A decade ago hamlets like Dharamshala and Ziro were the offbeat destinations where only 'real' travellers ventured to. These palaces were not on the regular maps and only a few people wanted to explore these off the path getaways. However, with the rise in travel and tourism, hardly any places are really 'offbeat' anymore. From the last village in Indian Himalayas (Chitkul) to the tip of Indian subcontinent (Andaman islands) no place is unconventional anymore. We have gone to all corners of our country and have had the good fortune of visiting every place in this vast country.
So, what is offbeat anymore? How do we enjoy a place without the usual influx of tourists crowding the sights and roads and hotels? How do we get a place, all to ourselves, without the crowds? Your answer lies in a term that has been around for really long, but never utilised - off season!
Reasons to travel during off season
Before 'online' became the norm, off season was something that a lot of people depended on to manage budget travel. Flights were cheaper, hotels were cheaper and the crowds were fewer. But with online booking platforms and offers on stays and modes of transport, people stopped looking at doing anything off season. But I believe it's time to look again at this trend and cash in on it in the best manner possible.
Yes, there are options of Airbnbs and hostels and other cheap accommodations but you have to agree with me that in peak or high seasons even the local homestays charge higher than usual. When I went to Ziro in September, at the time of Ziro festival of music, the most popular thing to do in that town, a simple homestay with one bed in a room and a shared bathroom was also charging ₹800 - ₹1,000 a night. In contrast, when I travelled to Gwalior, in June, it was off season and a room in the Taj Usha Kiran Palace (5-star Taj property) costed me only ₹4,000 a night for double occupancy, with breakfast.
Over-tourism is a genuine problem that disrupts the life of locals and it can lead to resentment towards tourists. Imagine being a local in Ladakh during the month of June, when every person you can imagine is visiting your small town, wanting to click a picture of you for Instagram likes and then just moving on without giving you a second thought? During off season it's easier to connect with locals because you are not disrupting their routines and they are also happier to share a slice of their life with you.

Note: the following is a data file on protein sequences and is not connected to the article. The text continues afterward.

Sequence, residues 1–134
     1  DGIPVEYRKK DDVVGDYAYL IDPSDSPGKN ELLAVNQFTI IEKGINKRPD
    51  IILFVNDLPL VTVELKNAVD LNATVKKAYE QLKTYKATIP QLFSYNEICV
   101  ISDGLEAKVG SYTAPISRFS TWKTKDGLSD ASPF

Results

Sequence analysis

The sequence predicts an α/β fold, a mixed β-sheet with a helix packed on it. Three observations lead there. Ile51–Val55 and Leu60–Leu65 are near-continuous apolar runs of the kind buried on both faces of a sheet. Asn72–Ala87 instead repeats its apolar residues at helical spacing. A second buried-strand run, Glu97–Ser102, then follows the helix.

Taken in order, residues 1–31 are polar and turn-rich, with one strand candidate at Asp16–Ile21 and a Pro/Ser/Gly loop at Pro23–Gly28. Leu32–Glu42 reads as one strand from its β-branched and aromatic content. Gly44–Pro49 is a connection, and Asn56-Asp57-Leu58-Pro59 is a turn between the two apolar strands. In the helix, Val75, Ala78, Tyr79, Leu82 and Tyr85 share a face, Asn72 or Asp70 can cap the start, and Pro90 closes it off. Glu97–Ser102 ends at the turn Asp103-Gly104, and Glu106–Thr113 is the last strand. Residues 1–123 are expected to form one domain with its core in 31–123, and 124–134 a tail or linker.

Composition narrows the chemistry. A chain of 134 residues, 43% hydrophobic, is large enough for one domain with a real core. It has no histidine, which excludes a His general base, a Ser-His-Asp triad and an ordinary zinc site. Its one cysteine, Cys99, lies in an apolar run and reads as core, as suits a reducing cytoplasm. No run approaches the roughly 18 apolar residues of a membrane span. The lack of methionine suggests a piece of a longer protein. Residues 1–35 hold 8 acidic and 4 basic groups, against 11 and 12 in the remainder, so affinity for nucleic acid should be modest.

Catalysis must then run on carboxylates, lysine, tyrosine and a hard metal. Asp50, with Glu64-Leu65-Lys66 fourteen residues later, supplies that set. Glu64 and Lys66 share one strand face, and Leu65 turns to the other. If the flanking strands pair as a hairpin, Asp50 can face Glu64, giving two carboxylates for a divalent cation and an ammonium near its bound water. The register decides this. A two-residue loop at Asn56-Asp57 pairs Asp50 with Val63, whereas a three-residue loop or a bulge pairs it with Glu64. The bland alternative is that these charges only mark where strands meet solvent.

Shorter lines and fewer crowds
If you are visiting places like Paris or Udaipur, where you wish to go see the Eiffel Tower and click a picture of the city from the top of City Palace in Udaipur, peak season is definitely not the right time. The popular tourist attractions are full of, well, tourists and getting a picture might just be the biggest adventure you tackle. Off season guarantees lesser crowds at famous places, no irritating and unasked for photobombs and a calmer atmosphere at attractions.
Traveling during peak season usually means you have to plan ahead and book buses, trains, tours, and even popular restaurants beforehand. Additionally, tickets to popular sites like museums, temples, cathedrals, and tours can be fully booked. When you travel in off season you have the freedom to change your schedule on a whim and not suffer the consequence of paying more for a bus ticket or having to take a 2:00 am train because of lack of availability.
Visiting destinations outside of high season means you’re more likely to see a side of that location that many travellers don’t ever get to see. Whether it’s experiencing a tropical storm in Koh Rong, Cambodia in August, or a misty morning in Halong Bay in Vietnam, you are bound to see something most tourists never will. This doesn't necessarily mean that you are missing out on things, it just means that you get to have an offbeat experience in a popular tourist spot.
So when’s the off season for some popular Indian destinations?
January to March
January to March are some months when almost all of India is perfect to visit. From the snowy mountains of Gulmarg to the pleasant seaside towns of Pondicherry and the royal vistas of Rajasthan, almost all of India is overwhelmingly covered with tourists. It's during these months that you may find it difficult to have a vacation without the crowds.